In what appears to be a draw, LKP is studying the consequences of this on the costs for the long suffering park home owners.
23. In a nutshell, therefore, the Chancellor decided that qualifying works are all the “works on a building or any other premises” (section 20ZA(2)) in respect of which the landlord incurs costs “in connection with the matters for which the service charge is payable” (section 18(2)). I shall call this “the aggregating approach”. He added that, as the contributions are payable in this case on an annual basis, the limit is applied to the proportion of the qualifying works carried out in the relevant year. In other words, the correct approach to whether section 20 requires a landlord to consult (or seek a dispensation) is to aggregate all works in any given year without division into separate sets of qualifying works. This was not a construction of section 20 for which Mr Stoner QC (for the lessees) contended. On this appeal, however, his primary case is that the Chancellor’s construction is correct.
24. The rival construction, for which Mr Seitler contends (supported by Mr Davey for the Secretary of State), is that Robert Walker LJ and Judge Cotter were right. What is required is what Mr Seitler calls “a sets approach” and Mr Davey calls “an individuated approach”: section 20 should be applied by reference to individual sets of works. I shall use the phrase “the sets approach”.
25. The language of the statute does not expressly provide an answer to the question of construction. Section 20ZA(2) unhelpfully defines “qualifying works” as “works on a building or any other premises”. But I am satisfied that the aggregating approach is wrong.
26. For reasons I shall explain, it is not a sensible approach and gives rise to serious practical problems. It cannot therefore have been intended by Parliament. It requires that, at the very latest, once the limit for contributions has been reached (£250 per tenant), the landlord must consult the tenants on any service charge items, however small they may be (presumably subject only to the de minimis exception). Mr Seitler illustrates the problem with the following example. Imagine a residential block of flats with 4 tenants: the annual regulatory limit is 4 x £250: £1000. Three lots of minor works on a building each costing £75 are carried out in the first half of the year. The landlord has spent £225 on service charge items. There has been no consultation. Unexpectedly, in September the outer door of the block breaks and a new door frame is required which would cost £800. A storm in November causes window damage that would cost £400 to repair. On the sets approach, the landlord would not need to consult on any of these items. They are all distinct sets of qualifying works none of which costs more than £1000. The landlord could respond immediately and repair the damage to the door and the window. The tenants are still protected because they have the after-the-event protection afforded by section 19 of the 1985 Act that the costs are only relevant costs to the extent that they are reasonably incurred and of a reasonable standard.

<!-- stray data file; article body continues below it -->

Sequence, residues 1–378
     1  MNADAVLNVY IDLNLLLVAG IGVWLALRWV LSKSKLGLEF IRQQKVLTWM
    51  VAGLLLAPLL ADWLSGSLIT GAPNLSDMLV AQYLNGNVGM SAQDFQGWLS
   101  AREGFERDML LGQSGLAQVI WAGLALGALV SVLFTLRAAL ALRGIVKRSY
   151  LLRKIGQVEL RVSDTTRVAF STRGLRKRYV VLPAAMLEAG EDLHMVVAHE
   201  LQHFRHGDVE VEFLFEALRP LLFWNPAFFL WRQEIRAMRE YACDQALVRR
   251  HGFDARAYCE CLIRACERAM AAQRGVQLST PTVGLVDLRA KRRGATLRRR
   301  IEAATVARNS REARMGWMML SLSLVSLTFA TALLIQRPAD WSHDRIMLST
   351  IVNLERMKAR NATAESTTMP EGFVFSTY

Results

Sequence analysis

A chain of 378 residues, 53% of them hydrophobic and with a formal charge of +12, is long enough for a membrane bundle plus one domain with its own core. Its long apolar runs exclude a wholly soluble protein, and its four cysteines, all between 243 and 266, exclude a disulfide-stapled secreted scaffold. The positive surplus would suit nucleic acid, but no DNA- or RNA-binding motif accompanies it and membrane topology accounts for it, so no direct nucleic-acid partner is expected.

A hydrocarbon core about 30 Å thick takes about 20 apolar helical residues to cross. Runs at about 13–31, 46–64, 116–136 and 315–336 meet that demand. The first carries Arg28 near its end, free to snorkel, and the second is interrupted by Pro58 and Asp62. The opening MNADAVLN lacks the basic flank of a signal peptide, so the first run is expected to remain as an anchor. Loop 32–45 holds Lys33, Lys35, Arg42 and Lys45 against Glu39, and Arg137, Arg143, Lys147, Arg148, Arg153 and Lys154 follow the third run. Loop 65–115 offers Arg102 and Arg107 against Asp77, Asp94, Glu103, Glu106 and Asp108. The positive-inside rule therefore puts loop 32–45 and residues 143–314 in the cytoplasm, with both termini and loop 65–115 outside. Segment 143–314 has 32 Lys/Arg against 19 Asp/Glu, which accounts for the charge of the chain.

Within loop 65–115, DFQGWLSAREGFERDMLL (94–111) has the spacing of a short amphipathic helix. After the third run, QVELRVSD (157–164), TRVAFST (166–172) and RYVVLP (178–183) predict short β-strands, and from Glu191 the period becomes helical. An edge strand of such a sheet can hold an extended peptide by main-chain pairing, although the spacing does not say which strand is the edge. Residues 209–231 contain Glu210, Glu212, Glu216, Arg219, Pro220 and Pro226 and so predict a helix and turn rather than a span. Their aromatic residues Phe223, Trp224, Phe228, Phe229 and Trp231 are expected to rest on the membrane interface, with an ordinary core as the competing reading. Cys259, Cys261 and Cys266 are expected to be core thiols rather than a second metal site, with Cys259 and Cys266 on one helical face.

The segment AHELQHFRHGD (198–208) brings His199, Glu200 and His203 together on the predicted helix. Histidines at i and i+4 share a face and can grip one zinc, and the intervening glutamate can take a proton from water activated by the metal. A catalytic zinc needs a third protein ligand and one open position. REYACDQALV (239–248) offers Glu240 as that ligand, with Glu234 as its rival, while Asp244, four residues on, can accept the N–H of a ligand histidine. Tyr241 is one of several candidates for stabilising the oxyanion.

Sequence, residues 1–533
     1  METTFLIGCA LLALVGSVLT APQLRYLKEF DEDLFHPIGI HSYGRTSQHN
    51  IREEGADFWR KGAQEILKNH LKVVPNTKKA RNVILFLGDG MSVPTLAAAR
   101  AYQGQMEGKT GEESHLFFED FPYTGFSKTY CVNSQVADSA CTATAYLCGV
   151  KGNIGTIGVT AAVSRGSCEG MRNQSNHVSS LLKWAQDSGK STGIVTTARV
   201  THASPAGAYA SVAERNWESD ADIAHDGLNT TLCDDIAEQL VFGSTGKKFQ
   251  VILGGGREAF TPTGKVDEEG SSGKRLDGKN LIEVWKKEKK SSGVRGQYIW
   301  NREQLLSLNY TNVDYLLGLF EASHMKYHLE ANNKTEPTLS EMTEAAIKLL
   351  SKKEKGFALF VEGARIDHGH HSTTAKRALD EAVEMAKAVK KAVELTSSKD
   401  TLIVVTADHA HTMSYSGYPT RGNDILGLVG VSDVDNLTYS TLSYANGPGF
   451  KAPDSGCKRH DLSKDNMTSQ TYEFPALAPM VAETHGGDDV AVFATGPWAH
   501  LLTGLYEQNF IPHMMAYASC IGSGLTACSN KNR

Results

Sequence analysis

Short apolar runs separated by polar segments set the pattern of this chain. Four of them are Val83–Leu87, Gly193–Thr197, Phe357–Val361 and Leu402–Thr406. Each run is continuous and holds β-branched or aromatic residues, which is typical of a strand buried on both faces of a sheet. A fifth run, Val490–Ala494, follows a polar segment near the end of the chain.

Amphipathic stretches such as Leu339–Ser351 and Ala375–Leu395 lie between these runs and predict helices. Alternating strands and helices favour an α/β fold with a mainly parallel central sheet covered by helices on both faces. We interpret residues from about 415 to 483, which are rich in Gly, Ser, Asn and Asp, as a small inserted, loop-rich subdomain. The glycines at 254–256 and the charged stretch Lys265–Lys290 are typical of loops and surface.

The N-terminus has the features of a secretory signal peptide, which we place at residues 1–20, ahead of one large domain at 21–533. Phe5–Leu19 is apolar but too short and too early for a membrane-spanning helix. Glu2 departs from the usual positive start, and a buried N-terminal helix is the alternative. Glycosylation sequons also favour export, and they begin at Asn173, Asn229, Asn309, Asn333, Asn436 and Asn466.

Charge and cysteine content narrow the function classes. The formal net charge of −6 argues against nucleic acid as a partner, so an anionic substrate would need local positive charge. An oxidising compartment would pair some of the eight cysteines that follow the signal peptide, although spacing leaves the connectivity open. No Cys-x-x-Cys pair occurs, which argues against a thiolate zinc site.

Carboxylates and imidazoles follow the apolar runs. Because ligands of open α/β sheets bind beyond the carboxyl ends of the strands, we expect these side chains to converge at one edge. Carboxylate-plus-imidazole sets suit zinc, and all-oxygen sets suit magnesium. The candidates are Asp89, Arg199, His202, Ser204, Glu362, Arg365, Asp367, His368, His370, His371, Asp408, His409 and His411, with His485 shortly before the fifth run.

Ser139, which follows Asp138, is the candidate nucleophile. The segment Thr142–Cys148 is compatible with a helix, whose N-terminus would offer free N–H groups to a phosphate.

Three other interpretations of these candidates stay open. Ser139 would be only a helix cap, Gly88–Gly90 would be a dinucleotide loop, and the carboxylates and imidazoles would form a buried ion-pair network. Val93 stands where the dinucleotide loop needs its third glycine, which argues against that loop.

27. On the aggregating approach, the annual limit is exceeded by the broken door. The landlord is obliged to consult on it. This process takes time and costs money. If instead he replaces the door immediately, he has no right to recover the full amount without dispensation. Seeking dispensation has attendant legal and administrative costs as well as the risk of non-recovery and delay. But if he does not replace the door, the flats are unsafe and he is likely to have irate tenants.
55. For the reasons that I have set out above, I would allow the lessors’ appeal against the decision of the Chancellor on the Qualifying Works Issue, but dismiss their appeal on the Management Issue.
71. I agree with the Chancellor’s conclusion that the £95,000 wages paid to the appellants by the Company do not fall within paragraph 6 of schedule 3 and are not properly recoverable under the service charge provisions of the Lease. My reasoning is not, however, entirely similar.